The 1897 reunion of the 54th Regiment at the dedication of the memorial
designed by Augustus St. Gaudens.

Establishing Basic American Rights

The very cornerstone of democracy—the American Town Meeting—was invented in Boston on October 8th of 1633 when an order was passed calling on all inhabitants of Dorchester to assemble in front of the local courthouse. This first Town Meeting was the earliest instance of a regularized system of gatherings in America. Some 150 years later, in 1780, it was at a Town Meeting that the Massachusetts Constitution was ratified. Today the Massachusetts Constitution—a model for the Federal Constitution with its Bill of Rights—is widely recognized as the oldest functioning constitution in the world. It is not surprising, then, that Boston would become the setting for two of the most important human rights movements in American history.

The Founding of
the Abolitionist Movement

In 1829, the abolitionist movement was founded and nurtured in Boston, when David Walker’s antislavery pamphlet, the Walker’s Appeal was printed. His historic words were the first successful public articulation of abolitionism—and, as such, became the voice of a national movement.
The son of a slave father and a free black mother, David Walker was born in the south, but then traveled throughout the country, eventually settling in Boston and associating with prominent black activists. By 1828, he had become Boston’s leading anti-slavery spokesperson. Walker’s Appeal was arguably the most radical of all antislavery documents, since it called for slaves to revolt. The pamphlet further defied convention by opposing the Colonization movement—then the leading strain of white abolitionism—that sought black repatriation to Africa. Instead, it argued for blacks to identify the United States as a land to which they had a significant right as contributors. The Appeal ran for three editions, ending with Walker’s death in 1830. One year later, also in Boston, white abolitionist William Lloyd Garrison began publishing what became the nation’s most influential abolitionist newspaper, The Liberator.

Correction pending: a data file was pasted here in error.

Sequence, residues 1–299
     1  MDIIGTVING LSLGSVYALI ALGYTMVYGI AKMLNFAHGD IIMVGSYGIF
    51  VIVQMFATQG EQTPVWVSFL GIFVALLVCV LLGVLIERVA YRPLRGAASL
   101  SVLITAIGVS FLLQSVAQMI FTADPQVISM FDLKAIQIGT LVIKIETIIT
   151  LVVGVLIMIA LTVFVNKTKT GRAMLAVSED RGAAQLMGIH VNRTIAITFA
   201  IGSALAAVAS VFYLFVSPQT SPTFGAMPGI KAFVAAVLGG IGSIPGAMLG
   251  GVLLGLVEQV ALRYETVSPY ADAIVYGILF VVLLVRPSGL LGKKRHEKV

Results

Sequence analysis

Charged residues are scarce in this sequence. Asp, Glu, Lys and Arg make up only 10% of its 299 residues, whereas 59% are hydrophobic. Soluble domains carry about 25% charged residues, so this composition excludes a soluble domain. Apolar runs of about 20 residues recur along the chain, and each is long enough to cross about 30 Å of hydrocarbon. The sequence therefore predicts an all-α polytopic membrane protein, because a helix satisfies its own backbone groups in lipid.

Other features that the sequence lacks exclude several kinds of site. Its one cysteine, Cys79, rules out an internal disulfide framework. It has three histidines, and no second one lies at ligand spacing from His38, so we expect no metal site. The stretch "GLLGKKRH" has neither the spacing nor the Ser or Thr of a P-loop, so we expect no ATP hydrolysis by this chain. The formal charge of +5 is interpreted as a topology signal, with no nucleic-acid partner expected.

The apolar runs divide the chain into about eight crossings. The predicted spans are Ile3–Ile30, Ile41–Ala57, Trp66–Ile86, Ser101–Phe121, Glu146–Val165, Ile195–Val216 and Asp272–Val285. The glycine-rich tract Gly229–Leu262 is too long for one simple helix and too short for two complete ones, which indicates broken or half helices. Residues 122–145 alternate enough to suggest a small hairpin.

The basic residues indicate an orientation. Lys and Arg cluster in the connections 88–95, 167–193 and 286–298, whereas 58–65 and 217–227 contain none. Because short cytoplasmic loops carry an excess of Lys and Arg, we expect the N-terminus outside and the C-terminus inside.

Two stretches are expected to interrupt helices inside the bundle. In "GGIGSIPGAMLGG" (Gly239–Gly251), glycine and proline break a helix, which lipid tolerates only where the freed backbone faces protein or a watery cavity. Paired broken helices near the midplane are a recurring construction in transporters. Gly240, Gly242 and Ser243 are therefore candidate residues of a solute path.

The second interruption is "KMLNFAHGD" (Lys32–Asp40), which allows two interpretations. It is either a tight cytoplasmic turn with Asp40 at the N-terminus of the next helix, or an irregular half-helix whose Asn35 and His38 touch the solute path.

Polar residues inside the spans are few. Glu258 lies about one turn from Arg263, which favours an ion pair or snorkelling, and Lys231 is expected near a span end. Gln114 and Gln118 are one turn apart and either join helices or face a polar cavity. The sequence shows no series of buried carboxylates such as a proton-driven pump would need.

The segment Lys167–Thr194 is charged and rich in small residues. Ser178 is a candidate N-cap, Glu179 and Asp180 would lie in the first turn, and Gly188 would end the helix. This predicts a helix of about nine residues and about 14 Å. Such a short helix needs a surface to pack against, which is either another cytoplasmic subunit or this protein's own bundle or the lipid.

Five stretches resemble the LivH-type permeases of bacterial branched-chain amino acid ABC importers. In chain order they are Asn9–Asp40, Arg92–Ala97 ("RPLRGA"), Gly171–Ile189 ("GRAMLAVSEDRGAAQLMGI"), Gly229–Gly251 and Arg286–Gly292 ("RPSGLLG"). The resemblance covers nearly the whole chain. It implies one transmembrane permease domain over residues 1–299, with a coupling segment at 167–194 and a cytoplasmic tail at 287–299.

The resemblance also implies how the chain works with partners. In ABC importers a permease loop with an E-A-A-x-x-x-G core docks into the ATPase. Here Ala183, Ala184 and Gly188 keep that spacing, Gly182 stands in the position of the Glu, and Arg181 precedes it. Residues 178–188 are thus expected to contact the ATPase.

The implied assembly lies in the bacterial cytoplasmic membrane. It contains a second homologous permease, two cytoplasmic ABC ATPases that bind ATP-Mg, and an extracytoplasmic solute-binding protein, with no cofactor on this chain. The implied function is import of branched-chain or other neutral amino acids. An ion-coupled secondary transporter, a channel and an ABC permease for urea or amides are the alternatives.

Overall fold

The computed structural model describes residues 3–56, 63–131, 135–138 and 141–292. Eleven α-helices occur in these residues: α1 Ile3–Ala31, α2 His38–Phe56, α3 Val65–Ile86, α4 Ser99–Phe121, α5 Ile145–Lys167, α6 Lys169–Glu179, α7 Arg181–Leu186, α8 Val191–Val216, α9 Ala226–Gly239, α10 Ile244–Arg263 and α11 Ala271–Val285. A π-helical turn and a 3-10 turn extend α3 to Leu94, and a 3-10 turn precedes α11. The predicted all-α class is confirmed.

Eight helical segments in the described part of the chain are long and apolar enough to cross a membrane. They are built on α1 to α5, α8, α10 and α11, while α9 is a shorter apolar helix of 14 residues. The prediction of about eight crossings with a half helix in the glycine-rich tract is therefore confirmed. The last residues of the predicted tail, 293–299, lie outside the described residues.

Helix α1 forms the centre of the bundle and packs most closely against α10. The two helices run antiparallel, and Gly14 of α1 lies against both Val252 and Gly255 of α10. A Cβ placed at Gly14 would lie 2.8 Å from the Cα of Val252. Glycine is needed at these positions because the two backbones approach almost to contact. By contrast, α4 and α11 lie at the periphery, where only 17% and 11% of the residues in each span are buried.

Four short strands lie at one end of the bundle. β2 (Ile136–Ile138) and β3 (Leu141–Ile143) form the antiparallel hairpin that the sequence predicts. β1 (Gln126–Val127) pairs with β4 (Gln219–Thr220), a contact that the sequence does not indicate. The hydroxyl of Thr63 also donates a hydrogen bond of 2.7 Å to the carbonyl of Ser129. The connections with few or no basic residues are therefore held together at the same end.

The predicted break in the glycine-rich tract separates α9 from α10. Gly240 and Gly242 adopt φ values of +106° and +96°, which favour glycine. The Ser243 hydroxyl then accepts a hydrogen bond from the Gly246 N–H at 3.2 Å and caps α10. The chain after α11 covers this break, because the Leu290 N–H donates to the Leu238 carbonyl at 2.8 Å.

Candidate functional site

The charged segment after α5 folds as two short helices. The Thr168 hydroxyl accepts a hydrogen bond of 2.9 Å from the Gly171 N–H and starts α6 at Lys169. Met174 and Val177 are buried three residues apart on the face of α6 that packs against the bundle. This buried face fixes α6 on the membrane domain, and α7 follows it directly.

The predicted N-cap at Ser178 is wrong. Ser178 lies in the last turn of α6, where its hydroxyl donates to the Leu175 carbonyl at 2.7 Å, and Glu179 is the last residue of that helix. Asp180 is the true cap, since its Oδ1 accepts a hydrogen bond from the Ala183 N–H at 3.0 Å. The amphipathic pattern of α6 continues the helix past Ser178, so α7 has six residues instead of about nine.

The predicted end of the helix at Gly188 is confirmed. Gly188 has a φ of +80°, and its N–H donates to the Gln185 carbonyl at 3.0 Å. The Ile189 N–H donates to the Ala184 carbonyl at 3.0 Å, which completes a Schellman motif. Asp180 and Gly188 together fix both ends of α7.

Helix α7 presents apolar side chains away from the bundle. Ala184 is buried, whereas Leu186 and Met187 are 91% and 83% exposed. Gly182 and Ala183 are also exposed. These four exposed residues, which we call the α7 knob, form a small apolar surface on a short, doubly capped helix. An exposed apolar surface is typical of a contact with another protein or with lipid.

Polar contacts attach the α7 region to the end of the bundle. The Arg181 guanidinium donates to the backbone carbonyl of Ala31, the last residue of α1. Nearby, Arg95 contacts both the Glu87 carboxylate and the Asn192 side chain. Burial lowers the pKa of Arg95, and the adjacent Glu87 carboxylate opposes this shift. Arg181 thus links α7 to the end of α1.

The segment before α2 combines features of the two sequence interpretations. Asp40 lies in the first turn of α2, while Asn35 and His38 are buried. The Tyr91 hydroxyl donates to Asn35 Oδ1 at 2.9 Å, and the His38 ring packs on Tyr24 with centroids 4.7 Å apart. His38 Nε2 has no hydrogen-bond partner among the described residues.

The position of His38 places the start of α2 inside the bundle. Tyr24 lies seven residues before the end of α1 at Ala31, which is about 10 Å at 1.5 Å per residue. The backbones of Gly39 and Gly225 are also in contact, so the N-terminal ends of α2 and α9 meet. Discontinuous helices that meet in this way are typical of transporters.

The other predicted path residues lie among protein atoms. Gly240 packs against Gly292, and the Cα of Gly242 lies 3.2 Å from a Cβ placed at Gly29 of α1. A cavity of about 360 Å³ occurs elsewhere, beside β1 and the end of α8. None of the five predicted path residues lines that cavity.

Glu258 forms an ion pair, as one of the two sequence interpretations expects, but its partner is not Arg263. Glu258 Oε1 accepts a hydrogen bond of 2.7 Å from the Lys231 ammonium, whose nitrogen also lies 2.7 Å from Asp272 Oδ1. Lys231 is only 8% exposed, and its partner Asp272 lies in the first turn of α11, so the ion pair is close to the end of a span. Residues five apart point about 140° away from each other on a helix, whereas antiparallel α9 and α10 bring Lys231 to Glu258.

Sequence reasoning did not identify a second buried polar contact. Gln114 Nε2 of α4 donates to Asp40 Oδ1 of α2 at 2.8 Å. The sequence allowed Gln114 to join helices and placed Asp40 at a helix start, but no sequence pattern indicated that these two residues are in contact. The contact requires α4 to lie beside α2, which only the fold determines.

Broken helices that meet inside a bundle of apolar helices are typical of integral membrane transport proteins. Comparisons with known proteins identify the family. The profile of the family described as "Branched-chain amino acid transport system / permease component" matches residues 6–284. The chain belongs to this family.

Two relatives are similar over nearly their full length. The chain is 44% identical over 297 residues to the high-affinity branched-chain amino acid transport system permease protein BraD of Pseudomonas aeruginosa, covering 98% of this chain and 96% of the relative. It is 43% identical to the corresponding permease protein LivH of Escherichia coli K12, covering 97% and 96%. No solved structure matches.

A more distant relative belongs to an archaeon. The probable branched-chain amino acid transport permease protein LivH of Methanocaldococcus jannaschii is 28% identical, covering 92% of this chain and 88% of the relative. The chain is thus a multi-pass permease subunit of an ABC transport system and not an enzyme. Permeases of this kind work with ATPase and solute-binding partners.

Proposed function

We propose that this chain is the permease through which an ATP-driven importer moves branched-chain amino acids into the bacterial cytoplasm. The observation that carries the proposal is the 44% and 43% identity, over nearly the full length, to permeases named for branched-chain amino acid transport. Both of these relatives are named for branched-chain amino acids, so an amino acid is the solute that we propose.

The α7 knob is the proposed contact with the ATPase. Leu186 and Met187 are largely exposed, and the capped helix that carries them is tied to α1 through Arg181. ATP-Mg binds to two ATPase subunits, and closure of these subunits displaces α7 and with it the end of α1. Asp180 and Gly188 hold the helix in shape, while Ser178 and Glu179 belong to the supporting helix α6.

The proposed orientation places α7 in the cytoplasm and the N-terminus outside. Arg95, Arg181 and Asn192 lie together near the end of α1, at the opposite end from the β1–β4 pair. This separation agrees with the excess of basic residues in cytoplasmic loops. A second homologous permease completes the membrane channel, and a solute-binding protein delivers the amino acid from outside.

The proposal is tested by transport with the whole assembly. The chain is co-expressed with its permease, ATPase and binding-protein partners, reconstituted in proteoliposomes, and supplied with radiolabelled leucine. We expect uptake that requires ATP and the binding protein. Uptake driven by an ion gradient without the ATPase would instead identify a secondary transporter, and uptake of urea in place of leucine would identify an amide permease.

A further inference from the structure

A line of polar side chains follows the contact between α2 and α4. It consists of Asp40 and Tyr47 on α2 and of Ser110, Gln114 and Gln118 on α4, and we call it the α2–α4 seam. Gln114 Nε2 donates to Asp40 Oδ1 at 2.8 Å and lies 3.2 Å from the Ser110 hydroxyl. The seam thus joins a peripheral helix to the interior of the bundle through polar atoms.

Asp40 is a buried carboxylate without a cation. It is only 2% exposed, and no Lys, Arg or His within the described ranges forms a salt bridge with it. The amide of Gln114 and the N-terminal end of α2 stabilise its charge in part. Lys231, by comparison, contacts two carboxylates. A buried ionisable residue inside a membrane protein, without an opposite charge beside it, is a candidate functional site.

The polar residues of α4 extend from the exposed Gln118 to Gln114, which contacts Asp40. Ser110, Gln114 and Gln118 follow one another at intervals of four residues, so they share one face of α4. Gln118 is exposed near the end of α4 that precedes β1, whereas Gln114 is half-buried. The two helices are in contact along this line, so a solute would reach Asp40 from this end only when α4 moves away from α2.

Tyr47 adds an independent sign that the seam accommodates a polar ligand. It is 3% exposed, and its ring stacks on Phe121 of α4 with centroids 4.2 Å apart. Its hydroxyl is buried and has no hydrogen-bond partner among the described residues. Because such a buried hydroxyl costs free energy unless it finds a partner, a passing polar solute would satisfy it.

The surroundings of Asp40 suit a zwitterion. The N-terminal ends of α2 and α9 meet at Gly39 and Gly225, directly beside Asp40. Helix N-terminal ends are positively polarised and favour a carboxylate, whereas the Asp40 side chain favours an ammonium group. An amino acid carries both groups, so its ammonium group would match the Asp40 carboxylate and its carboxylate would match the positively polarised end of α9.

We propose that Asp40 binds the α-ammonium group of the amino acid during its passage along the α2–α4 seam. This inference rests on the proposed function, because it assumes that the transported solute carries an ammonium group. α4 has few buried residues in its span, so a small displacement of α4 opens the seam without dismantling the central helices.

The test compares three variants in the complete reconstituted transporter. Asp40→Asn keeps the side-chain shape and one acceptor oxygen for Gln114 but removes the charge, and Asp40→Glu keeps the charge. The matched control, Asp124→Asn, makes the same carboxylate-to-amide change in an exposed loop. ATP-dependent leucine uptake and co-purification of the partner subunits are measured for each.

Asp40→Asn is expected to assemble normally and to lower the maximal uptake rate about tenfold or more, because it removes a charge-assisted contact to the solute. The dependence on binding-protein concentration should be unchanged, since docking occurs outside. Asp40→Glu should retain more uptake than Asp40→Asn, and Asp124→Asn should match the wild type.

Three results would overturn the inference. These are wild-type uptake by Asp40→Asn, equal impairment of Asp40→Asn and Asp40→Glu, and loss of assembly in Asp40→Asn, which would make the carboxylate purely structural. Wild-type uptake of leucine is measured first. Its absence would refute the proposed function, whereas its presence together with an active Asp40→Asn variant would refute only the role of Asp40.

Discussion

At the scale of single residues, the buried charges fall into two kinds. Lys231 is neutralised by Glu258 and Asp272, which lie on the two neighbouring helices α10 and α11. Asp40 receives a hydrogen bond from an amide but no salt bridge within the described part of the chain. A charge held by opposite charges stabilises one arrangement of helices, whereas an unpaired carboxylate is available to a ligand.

The First Free Black Regiment
in the Union Army

Boston also became the point of origin for the first free black regiment in the Union Army, another important step in the struggle for racial equality. The
54th Regiment of the Massachusetts Volunteer Infantry was founded in 1863 and led by the young white colonel, Robert Gould Shaw. Among its recruits were dozens of men from Boston’s free African-American population, and hundreds from as far afield as Canada and the Caribbean.

The regiment earned its greatest fame on July 18, 1863, when Colonel
Shaw led the bold, brave charge on the Confederate stronghold at Battery Wagner, South Carolina. In this desperate attack on an impenetrable seaside fortress, Shaw was killed and hundreds of his men were slaughtered, wounded, or lost in action. That heroic charge brought the regiment accolades and boosted black recruiting. The 54th remains the most famous black regiment of the war, due in part to the popularity of the movie “Glory” and the bronze bas-relief located opposite the Massachusetts State House on Beacon Hill.

Women Shall Vote: Lucy Stone and her Pioneering Woman’s Journal

Like Walker’s Appeal, the Woman’s Journal, run by the noted suffragist Lucy Stone, was a singularly influential document in another seminal human rights movement. Born in West Brookfield, Massachusetts, in 1818, Lucy Stone was one of the first Massachusetts women to earn a college degree. After college, she moved to Boston and became a lecturer for the Anti-Slavery Society, but when she was not speaking out against the evils of slavery, she was actively advocating for women’s suffrage and recruiting women like Susan B. Anthony and Julia Ward Howe to the movement.

A bronze statue on the Commonwealth Avenue mall, by artist Meredith Bergmann, honors Lucy Stone.